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Congress’ Chance to Rein in Illegal Warfare

The Trump administration’s briefing of members of Congress on their justification for the Soleimani assassination went over very badly with many of the members in attendance. Republican Sen. Mike Lee of Utah was reportedly livid:

Sen. Rand Paul had much the same reaction:

Likewise, Democratic Sen. Chris Murphy left the briefing unconvinced that the administration’s strike was justified:

Both senators have been important defenders of Congress’ role in matters of war, and they were co-sponsors of the Senate version of the Yemen antiwar resolution last year. Lee takes these constitutional questions seriously, and the administration’s lack of respect for these principles has understandably outraged him. The administration’s briefing to members of Congress appears to have been as arrogant, mendacious, and slipshod as their public statements on this issue. There seems to be some real momentum in Congress to challenge the president over the illegal attack he ordered last week, and that could end up putting some real constraints on the executive in matters of war.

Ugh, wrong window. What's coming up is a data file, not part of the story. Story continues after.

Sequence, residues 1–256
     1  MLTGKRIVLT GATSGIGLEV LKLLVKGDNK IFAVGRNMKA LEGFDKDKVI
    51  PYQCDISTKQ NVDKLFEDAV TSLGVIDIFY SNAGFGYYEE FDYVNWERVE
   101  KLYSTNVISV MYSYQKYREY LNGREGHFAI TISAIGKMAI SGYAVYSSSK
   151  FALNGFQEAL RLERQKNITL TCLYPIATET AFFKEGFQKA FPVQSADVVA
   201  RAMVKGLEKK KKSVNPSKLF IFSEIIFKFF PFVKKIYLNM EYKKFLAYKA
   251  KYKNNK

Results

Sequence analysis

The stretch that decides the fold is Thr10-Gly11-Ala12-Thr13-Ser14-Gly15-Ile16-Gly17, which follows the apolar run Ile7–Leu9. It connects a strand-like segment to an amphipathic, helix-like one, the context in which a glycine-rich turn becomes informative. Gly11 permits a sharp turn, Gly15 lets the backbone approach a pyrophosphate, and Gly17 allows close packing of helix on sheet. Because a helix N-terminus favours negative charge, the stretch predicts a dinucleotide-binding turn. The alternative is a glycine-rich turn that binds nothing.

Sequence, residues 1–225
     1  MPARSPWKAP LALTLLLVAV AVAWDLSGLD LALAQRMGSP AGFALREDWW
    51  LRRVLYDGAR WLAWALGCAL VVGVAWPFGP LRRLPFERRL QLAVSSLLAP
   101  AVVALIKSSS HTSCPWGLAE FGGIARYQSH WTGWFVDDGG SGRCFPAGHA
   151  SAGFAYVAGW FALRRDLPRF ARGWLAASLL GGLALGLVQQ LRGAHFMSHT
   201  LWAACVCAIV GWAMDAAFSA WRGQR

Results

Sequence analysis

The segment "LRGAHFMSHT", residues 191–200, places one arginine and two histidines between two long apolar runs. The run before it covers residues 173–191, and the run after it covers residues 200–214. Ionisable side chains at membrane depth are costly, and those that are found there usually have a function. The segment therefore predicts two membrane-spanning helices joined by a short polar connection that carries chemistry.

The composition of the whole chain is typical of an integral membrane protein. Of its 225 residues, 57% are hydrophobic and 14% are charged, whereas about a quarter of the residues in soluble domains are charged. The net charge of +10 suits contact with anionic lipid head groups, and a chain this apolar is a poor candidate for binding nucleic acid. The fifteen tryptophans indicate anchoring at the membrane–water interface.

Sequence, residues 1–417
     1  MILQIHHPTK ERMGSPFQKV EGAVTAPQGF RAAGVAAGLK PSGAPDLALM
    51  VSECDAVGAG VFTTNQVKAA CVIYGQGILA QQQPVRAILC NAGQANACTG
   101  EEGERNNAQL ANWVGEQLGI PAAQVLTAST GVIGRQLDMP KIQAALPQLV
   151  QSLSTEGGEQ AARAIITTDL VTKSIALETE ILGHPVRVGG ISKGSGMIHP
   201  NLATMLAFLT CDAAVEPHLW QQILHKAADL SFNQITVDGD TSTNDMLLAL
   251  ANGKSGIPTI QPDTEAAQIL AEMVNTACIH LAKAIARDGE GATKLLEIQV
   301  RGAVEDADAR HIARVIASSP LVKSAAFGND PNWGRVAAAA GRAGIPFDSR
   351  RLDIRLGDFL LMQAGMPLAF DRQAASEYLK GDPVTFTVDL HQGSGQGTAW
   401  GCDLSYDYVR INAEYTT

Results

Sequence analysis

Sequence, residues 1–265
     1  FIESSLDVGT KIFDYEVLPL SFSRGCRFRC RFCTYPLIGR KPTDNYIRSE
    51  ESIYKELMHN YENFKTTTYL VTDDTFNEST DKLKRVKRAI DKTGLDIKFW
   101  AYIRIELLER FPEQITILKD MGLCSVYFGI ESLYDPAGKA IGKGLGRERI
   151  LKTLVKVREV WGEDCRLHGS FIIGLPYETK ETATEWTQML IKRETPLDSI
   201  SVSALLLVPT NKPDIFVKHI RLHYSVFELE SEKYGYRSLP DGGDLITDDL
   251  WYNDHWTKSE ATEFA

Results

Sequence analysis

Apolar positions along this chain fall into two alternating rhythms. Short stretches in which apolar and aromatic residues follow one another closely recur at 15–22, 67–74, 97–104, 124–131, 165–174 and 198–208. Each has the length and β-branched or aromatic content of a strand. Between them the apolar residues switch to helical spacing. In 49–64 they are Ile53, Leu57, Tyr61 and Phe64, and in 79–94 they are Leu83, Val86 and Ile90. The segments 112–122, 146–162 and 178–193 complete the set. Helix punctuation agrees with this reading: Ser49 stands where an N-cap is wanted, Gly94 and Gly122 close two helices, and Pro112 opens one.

The administration’s dismissive and contemptuous attitude towards the Constitution does not surprise me. It is the same one we have seen on display in public all week, and we saw it last year during the Yemen debate. They are afraid to debate these policies and actions on the merits because they have no justification, and an open debate exposes that to public scrutiny. The administration has to try to shame and intimidate members of Congress into foregoing debate because they know that the case for this strike is exceptionally weak. It is encouraging that the administration’s contempt for the Constitution is provoking a backlash, and that suggests that there is a real chance here for Congress to reassert its proper constitutional role in matters of war and peace.

about the author

Daniel Larison is a senior editor at TAC, where he also keeps a solo blog. He has been published in the New York Times Book Review, Dallas Morning News, World Politics Review, Politico Magazine, Orthodox Life, Front Porch Republic, The American Scene, and Culture11, and was a columnist for The Week. He holds a PhD in history from the University of Chicago, and resides in Lancaster, PA. Follow him on Twitter.

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